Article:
Tensions with old and new…

(Final artifact)

For this project, we looked at how 3D fabrication and traditional craft methods could be combined to purpose a new and experimental materiality from it.

Initial thoughts and ideas…

(image 1) CNC cut Half-lapped Dovetail Joint in scrap wood

I decided to explore the theme of having a traditional craft, and then experimenting with how that could then be 3D printed using a variety of machines. I Found Japanese joinery of particular interest as it takes a great amount of skill and craftsmanship to create the intricate details and precision that is required for buildings or other structures. There is also an aesthetic as much as there is a function, there needs to be strength but equally a small amount of flexibility for the joints to move should there ever be an earthquake.

(image 2) Half-lapped Dovetail Joint – 3D printed

The images, show my attempt at using both CNC and 3D printing to create a half-lapped dove tail joint. I wanted to explore how two modern technologies through the method of traditional craft could combine together as one joint. I used Fusion 360 for the modelling and had no issues, until it came to the CNC machine. The CNC is limited to how much it can cut away due to its X, Y axis and round drill bits. This creates curves (radius depending on size of drill bit) and so it meant I could not fuse the two processes as one without there being some small curves.

(image 3) Curves can been seen in the corners
(image 4) Fusion 360 japanese joinery ready for 3D printing

Since realising the CNC machine is limited for what I wanted to try and achieve, I decided to experiment with some more complex forms to then 3D print.

(image 5) finished cross joint

I decided from here to avert my attention elsewhere as I felt slightly limited with my ambitions and the limitations CNC for woodcutting presented.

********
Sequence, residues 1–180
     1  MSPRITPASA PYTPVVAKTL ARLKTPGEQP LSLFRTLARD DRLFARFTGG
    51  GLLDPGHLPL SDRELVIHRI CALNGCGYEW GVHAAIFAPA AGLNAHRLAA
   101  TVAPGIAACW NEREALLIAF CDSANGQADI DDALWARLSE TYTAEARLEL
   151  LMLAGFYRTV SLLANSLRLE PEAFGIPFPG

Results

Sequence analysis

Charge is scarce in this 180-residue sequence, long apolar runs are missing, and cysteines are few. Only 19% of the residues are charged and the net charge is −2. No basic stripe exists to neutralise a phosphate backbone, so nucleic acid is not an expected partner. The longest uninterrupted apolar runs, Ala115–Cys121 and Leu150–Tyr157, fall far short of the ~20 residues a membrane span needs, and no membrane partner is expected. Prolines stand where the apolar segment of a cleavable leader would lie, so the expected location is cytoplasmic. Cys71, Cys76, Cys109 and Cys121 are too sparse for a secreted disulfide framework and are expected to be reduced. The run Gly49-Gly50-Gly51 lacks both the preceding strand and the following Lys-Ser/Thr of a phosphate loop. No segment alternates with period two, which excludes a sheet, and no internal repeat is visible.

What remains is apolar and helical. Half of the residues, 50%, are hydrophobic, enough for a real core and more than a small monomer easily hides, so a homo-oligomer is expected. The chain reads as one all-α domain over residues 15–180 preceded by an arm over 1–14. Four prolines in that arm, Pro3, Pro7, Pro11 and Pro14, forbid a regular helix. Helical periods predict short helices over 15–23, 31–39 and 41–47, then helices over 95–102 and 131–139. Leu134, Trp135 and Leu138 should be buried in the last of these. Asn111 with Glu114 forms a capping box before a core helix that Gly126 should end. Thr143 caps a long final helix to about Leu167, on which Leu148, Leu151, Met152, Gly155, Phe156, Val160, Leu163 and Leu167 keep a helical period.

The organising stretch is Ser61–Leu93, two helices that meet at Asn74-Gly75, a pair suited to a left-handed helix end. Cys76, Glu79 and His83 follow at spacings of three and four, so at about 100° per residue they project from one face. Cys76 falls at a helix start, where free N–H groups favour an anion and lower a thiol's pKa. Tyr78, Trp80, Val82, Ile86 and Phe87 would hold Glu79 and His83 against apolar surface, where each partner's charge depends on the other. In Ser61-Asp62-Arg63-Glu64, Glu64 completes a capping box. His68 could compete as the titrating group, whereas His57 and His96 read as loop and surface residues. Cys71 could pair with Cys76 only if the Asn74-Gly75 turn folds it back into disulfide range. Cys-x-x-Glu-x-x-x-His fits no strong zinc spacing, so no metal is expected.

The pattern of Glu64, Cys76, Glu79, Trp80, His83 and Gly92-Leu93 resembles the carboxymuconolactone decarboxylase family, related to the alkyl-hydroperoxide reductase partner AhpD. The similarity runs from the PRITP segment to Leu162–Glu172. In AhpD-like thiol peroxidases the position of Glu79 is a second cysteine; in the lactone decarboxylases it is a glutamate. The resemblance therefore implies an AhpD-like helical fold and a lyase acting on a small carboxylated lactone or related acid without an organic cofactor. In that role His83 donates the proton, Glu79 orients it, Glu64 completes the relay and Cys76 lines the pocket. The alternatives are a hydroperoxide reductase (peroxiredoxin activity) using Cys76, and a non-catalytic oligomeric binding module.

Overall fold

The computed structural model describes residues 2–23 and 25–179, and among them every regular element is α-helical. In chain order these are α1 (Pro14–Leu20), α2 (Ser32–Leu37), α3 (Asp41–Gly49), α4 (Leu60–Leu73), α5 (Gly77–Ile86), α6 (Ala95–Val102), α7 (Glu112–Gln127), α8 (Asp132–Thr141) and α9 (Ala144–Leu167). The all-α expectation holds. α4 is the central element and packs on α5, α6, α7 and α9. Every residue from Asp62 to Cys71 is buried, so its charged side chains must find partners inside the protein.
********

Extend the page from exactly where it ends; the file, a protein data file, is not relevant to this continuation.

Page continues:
(image 6) Plasma Metal cutting stainless steel and 3D printing combined

As I adverted my attention away from Japanese Joinery, I started to look at how metal can be worked, and what is often considered possible in terms of size and scale on such an industrial piece of machinery.

I decided to further experiment with this juxtaposition of intricate pieces (joinery) and how that can be assembled in new ways whilst operating with robust machinery such as the Plasma cutter. I used AutoCad for the shapes and then proceeded to use the CNC plasma cutter.

Initially, my first experiments failed and fell through the gaps from the force. Still, I wanted to see how small and fine the detail could be until I achieved my goal (see image 6). however, I was still limited with fixing the pieces together as I had initially plasma cut the central circle piece out of stainless steel. There were no grooves for the pieces to slot into and so I commenced my ideas of how to hold the two together as follows:

  • weaving thread around each metal piece
  • gluing
  • sawing
  • soldering

None of these worked for a variety of reasons- the weaving was not strong and the pieces did not stay in place, gluing metal, even with super glue serves no purpose, sawing sort of worked…however it was extremely inaccurate, solder does not stick to steel as it turns out.

One other exploration I wanted to develop was how things can be joined but without the help of welding or combining two things together as one.

As sawing was my best option, I then thought about how other printing methods may just so happen to be extremely useful. As the steel is only 1mm thick, it meant that in order to create a slot, the other material also needed to be 1mm thick.

(image 7) TinkerCAD 3D printed disks

By using the 3D printer I did not need to create an infill due to the thinness of the steel structure being 1mm thick.

Final artifacts

(image 8)

Once I was successful with slotting the pieces into the 3D printed disk, I could then explore materiality and further investigate methods of weaving whilst using natural materials seen in image 8. A mix of wool roven was twisted and woven in and out of the metal piece then I secured the wool with hemp thread, which is a tough thread unlike twine that I used earlier on in the combining process. I used a back stitch technique that not only secures the wool but also creates linear lines up the sides, defining the structure.

(image 9) delicate ultra fine handmade paper

Still keeping the structure, I still wanted to investigate the relationship of how something robust and strong such as metal, can be interlaced with a material as delicate as fine handmade paper. It was difficult to pierce the paper with a needle but managed to successfully thread it through the small holes are the ends.

For me these two final artifacts are extremely valuable to my broadening of how traditional craft and modern 3D fabrication techniques can be combined to create something new.